They were killed by an attack in the Atwan area, a few miles south of Beit Lahia, Almadhoun said. The dead included Safa’s father and mother, five of her siblings and five of their young children.
“They lived in the Atwan area of northern Gaza,” he said. “The good volunteers in the family went and dug out the bodies. It was so horrific a scene, and a genocide
at their home, that they would not let Safa see her family because of the brutality: the body parts, the known pieces, the plastic bags.
“My brother Majed, her husband, went and collected the bodies and buried them. There was no proper burial because we know that Gaza is running out of spaces for graves and cemeteries are overflowing with dead bodies.”
The Almadhouns originally came from Ashkelon, which was in the Gaza District of Palestine before it was captured by Israel in 1948. The family fled Gaza to find work in the UAE, which is where Hani was born. But they returned to Beit Lahia to open their businesses there.
Almadhoun said the last time he saw his brother and his family was during a visit to Gaza in August this year. His parents and other surviving relatives are still in northern Gaza but cannot easily be reached.
“My dad is trying to be strong, trying to be normal,” he said. “I know he is not doing well but he is trying to be strong for everybody else. My mom cries and when she cries, I cry. I can’t take it. It is a lot.”


Algeria’s president inaugurates Africa’s largest mosque

Algeria’s president inaugurates Africa’s largest mosque
Updated 58 min 31 sec ago
Follow

Algeria’s president inaugurates Africa’s largest mosque

Algeria’s president inaugurates Africa’s largest mosque
  • The vast mosque, which can hold 120,000 worshippers, first opened for prayers in October 2020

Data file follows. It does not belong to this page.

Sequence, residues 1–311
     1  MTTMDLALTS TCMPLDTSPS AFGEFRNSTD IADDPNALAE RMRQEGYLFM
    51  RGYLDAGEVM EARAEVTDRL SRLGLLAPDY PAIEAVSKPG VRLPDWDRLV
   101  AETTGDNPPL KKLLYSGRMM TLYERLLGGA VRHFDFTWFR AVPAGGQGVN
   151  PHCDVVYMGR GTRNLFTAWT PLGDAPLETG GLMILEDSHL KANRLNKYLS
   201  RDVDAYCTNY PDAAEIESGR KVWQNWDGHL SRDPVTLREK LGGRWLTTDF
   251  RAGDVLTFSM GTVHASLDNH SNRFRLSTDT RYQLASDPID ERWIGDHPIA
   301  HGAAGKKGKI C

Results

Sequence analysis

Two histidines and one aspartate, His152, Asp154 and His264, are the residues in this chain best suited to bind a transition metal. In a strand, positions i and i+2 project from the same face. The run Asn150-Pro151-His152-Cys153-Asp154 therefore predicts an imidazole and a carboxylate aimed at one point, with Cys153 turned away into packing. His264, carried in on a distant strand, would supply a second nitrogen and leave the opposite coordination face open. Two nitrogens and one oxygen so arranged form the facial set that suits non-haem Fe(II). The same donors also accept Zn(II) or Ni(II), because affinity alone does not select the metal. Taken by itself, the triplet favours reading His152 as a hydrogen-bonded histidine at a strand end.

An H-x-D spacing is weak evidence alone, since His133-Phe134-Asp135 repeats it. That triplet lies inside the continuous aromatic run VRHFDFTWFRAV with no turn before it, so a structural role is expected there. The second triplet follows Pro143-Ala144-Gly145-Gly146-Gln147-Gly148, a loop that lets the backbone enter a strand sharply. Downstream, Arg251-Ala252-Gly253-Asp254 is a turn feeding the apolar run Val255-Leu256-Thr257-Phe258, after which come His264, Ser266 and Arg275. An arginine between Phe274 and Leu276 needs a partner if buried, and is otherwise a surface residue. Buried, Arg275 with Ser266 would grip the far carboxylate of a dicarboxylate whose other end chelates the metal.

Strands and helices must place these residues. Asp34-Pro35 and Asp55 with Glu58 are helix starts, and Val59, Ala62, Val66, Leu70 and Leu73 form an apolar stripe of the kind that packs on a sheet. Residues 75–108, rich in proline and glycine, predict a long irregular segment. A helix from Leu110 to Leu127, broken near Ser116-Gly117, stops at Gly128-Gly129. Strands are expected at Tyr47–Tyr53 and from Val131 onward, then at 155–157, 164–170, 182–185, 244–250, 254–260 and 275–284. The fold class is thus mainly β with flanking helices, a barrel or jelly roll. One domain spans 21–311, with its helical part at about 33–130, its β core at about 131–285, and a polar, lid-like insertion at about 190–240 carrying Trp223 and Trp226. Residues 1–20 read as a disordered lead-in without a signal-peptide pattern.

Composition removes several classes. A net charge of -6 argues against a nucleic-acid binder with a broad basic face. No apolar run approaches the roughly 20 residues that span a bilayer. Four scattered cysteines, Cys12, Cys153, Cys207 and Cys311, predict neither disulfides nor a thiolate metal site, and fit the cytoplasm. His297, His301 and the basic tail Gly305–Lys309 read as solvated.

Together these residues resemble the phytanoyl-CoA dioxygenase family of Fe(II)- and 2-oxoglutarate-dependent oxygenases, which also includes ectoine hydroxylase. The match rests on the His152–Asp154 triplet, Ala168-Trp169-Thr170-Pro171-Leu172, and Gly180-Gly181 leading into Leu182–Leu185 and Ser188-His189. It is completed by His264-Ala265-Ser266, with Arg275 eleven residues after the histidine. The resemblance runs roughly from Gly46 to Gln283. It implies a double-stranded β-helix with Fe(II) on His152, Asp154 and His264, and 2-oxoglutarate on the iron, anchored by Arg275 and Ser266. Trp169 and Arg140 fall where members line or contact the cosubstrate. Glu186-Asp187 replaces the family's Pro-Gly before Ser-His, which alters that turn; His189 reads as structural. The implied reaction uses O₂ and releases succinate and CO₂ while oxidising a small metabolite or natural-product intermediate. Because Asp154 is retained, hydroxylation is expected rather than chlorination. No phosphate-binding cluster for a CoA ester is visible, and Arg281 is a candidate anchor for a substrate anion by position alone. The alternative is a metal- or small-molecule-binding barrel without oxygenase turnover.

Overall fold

• Known locally as the Djamaa El-Djazair, the modernist structure extends across 27.75 hectares

ALGIERS: Algerian President Abdelmadjid Tebboune officially inaugurated the Grand Mosque of Algiers, the third largest in the world and the biggest in Africa, on Sunday.
The vast mosque, which can hold 120,000 worshippers, first opened for prayers in October 2020, but Tebboune was suffering from Covid-19 and did not attend.
Known locally as the Djamaa El-Djazair, the modernist structure extends across 27.75 hectares (almost 70 acres), and is smaller only than the two mosques in Makkah and Madinah, Islam’s holiest sites, in Saudi Arabia.
It also boasts the world’s tallest minaret — 267 meters (875 feet) — fitted with elevators and a viewing platform that looks out over the capital and the Bay of Algiers.
The mosque’s interior, in Andalusian style, is decorated in wood, marble and alabaster.
To its critics, the mosque is a vanity project of former autocrat Abdelaziz Bouteflika, who was forced out in April 2019 after mass street protests against his two-decade-long rule.